A synthetic fiber with a similar hand and drape to rayon made of regenerated cellulose (plant fiber). Lyocell is stronger and more durable than Rayon, however, and takes color well. Additionally, it is fairly wrinkle-resistant and absorbs moisture well.
Imported from India, a lightweight, plain-weave, cotton fabric that has a striped, plaid or checked pattern. It is often used for shirts and dresses.
Dull, flat knit fabric made of high-quality crepe yarn.
A type of high-quality wool that is made from the fleece of purebred merino sheep. It is strong, is elastic and takes dye well.
A woven, knit, lace or crocheted fabric characterized by its net-like open appearance and the spaces between the yarns.
An extremely lightweight and soft synthetic knit fabric that has pile on one or both sides.
Hair fibers from the Angora goat. Often used for sweaters, coats, suits and scarves.
A leather with a soft, velvety surface. This type of surface is created by buffing and brushing. Nubuck is produced using the grain (outer) side, which gives it added strength and durability.
A synthetic fiber which is fast drying, strong, elastic and washable. It is known for its strength and resilience. Nylon has superior abrasion resistance and high flexibility.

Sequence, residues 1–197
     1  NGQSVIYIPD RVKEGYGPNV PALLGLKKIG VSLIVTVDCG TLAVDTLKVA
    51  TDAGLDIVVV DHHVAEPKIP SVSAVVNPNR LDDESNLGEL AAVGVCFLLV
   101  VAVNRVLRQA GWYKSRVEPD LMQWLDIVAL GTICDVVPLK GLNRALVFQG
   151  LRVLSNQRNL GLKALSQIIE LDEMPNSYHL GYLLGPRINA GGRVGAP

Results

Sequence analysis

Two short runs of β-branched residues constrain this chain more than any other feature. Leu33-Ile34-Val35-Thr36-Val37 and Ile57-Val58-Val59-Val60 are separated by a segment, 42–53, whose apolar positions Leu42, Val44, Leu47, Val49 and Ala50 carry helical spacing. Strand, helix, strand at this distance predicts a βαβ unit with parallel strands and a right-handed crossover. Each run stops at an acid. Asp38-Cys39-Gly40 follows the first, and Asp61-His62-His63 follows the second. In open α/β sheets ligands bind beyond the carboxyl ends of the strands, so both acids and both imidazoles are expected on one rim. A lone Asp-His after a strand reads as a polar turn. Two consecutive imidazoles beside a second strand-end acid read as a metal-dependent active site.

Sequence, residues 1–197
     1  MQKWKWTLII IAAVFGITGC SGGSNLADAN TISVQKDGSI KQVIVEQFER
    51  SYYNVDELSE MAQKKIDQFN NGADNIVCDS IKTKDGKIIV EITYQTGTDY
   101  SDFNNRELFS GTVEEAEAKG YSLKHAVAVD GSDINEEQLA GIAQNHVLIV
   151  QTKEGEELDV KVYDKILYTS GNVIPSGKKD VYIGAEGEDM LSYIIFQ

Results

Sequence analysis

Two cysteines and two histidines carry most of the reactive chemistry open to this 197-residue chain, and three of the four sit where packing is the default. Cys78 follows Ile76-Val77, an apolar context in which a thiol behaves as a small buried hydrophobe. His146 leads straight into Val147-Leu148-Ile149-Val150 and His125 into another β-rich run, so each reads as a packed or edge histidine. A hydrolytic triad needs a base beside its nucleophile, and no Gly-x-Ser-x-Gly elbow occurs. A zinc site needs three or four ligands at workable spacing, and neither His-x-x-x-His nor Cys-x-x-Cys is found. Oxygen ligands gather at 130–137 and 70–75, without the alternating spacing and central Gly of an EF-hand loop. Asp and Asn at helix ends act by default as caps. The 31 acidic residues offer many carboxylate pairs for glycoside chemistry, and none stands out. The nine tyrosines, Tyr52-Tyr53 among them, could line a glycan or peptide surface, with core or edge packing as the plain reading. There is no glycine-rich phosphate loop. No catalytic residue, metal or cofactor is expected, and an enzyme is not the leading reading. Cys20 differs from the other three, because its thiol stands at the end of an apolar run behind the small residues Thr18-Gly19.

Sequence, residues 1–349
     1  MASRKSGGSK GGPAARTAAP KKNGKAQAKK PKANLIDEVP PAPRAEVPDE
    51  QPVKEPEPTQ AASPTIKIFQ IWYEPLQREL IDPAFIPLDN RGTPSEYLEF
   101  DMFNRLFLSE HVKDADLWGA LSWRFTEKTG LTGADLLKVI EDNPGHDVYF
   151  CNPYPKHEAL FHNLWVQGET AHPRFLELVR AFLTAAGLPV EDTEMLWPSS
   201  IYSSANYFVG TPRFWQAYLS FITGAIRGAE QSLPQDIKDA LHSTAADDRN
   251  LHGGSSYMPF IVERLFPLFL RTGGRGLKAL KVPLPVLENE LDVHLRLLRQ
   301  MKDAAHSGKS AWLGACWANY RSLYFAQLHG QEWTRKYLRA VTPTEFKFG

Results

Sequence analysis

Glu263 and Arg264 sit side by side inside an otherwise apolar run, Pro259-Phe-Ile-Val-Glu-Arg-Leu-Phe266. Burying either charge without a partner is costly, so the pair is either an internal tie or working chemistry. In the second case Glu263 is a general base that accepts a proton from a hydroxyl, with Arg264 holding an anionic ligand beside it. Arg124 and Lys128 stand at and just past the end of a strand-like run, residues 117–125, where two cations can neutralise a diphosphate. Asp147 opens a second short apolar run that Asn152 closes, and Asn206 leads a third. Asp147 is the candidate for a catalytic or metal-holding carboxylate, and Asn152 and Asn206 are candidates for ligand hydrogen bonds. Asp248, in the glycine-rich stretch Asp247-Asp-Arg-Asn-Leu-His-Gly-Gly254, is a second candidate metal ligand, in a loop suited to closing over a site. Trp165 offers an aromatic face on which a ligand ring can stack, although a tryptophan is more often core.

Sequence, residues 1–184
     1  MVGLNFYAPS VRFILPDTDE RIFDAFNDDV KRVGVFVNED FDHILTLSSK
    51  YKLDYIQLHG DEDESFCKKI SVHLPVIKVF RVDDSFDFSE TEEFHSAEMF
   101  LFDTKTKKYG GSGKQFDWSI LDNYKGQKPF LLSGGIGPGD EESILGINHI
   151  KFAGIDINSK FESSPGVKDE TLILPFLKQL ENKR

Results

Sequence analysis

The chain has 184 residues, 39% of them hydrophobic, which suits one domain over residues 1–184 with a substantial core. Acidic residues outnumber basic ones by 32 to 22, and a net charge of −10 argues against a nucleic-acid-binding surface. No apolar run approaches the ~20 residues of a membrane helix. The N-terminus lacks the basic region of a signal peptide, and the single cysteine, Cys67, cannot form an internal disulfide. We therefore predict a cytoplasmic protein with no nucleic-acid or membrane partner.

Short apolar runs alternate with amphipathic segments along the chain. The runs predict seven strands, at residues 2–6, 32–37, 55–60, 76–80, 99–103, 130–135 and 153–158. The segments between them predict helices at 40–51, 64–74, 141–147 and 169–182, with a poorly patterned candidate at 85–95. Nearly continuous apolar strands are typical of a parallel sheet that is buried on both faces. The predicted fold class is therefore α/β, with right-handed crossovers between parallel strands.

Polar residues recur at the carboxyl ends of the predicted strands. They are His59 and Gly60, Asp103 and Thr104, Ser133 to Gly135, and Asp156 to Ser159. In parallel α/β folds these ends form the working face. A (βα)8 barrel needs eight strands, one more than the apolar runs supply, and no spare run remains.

A crisp, sheer, lightweight plain-weave fabric with a medium to high yarn count made of silk, rayon, nylon or polyester. Used primarily in evening and wedding gowns.
A tightly woven, plain-weave, ribbed fabric with a hard, slightly lustered surface. Often used in coats, suits, dresses, upholstery and draperies.
A fine, soft, lightweight cotton woven or blended with manufactured fibers in a two-by-one basket-weave variation of the plain-weave construction.
A medium-weight, plain-weave, low to medium count (180 to 250 threads per square inch) cotton-like fabric. Can be used in sheets, blouses and dresses.
A soft, high-quality and medium staple-length type of American-bred Egyptian cotton.
A high-quality, lightweight, soft, cotton-like fabric with small two-by-one basket-weave repeats. It has a smooth surface and is often used for shirts.
A knitted cotton fabric with a waffle (or diamond-shaped) pattern.
A very feminine, delicate-looking rib knit fabric made with a pattern of openings.
A category of synthetic fibers that are lightweight, strong, quick drying and resistant to creases, stretching, abrasion and shrinkage.
A durable, plain-weave fabric made of silk, cotton, synthetic fibers, wool or blends. It is similar to broadcloth but with a heavier rib and weight.
A synthetic fiber made from cellulose, derived from wood pulp, cotton linters or other vegetable matter, which is soft, is highly absorbent, has a lustrous appearance and has a good drape.
A soft combination of cotton, nylon and spandex.
A lightweight, wind resistant and water resistant plain-weave fabric. Often used in active sportswear and outdoor apparel.